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Interactive effects of social context and sex role identity on female self-disclosure during the acquaintance process

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Female subjects who differed in masculinity and in femininity self-disclosed to a same-sex confederate in contexts that made either social/expressive motives or instrumental motives particularly salient. The confederate spoke first on each of four disclosure topics, presenting either intimate or nonintimate information in her disclosures. The results were consistent with our primary assertion that measures of sex role identity would accurately forecast contextual variations in female self-disclosure. Specifically, femininity tended to promote self-disclosure in social/expressive contexts while clearly inhibiting such exchanges in the instrumental context. Supplementary data revealed that the tendency of highly feminine participants to “close up” in the instrumental context stemmed not from problems in their contemporaneous interpersonal relationships with their partners, but rather from a concern that disclosing too much might adversely affect their partners' evaluation of their competencies. Although masculinity did not exert direct effects of female self-disclosure within any particular context, it did have an influence, for subjects high in femininity were highly self-revealing across contexts if they were also high in masculinity (i.e., androgynous).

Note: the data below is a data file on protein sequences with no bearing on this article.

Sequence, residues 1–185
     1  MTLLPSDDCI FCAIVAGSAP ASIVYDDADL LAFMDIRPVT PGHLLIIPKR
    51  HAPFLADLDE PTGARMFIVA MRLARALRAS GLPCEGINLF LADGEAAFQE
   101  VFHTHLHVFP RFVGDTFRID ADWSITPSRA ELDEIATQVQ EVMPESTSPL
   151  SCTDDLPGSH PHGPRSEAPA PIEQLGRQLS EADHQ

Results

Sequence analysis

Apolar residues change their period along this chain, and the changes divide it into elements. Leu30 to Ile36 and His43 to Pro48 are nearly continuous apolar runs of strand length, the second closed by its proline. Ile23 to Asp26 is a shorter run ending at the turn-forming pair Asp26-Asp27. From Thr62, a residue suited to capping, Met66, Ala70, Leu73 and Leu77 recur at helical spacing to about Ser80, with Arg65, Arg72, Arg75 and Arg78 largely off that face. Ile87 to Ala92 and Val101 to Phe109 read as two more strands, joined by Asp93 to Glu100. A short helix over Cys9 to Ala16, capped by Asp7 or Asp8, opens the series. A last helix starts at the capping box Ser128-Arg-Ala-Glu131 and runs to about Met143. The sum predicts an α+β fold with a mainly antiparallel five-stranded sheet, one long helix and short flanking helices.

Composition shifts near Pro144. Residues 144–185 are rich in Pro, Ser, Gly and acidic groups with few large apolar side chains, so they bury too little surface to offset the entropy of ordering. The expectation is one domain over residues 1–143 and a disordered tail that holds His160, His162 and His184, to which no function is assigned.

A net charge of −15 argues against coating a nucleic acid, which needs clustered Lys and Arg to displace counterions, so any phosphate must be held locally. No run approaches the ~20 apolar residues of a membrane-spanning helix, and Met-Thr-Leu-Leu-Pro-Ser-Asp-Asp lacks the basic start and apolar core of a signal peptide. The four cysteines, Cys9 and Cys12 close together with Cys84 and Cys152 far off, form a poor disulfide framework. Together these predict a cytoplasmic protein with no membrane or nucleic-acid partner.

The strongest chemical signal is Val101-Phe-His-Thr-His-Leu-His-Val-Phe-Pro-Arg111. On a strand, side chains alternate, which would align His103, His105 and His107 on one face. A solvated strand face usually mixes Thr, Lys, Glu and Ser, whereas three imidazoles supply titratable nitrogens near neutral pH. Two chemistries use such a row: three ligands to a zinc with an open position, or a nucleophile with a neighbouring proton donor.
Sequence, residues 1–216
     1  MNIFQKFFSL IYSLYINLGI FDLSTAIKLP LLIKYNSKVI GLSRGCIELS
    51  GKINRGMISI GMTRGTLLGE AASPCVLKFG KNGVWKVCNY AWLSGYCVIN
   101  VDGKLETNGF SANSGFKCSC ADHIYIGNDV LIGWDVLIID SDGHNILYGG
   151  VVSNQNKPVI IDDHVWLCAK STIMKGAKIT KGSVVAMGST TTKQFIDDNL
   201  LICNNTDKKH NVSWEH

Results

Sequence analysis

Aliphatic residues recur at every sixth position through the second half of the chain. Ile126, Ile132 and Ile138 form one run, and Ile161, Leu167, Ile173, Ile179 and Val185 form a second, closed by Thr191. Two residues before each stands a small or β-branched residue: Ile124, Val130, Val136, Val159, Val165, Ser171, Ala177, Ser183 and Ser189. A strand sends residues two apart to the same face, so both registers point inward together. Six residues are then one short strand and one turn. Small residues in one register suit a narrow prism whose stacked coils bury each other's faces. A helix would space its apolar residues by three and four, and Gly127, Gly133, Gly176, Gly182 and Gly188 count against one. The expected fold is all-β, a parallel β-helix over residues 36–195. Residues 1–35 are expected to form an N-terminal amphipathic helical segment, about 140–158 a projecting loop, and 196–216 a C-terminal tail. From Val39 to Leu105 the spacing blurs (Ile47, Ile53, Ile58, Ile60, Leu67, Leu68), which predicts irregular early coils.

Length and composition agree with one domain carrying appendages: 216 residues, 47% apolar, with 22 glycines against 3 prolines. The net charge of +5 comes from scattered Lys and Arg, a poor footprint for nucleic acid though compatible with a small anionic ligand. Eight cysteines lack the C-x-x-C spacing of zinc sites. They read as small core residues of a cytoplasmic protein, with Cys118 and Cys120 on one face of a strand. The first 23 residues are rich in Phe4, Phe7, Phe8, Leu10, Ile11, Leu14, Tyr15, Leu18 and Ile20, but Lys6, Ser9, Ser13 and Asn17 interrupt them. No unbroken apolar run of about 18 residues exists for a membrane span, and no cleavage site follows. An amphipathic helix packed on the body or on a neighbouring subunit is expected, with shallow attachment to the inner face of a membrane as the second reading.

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Author information

Correspondence to David R. Shaffer.

Additional information

This research was supported by National Institute of Mental health Grant MH 43726-01 to David R. Shaffer.

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Shaffer, D.R., Pegalis, L. & Cornell, D.P. Interactive effects of social context and sex role identity on female self-disclosure during the acquaintance process. Sex Roles 24, 1–19 (1991). https://doi.org/10.1007/BF00288699

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  • Direct Effect
  • Interactive Effect
  • Social Psychology
  • Social Context
  • Supplementary Data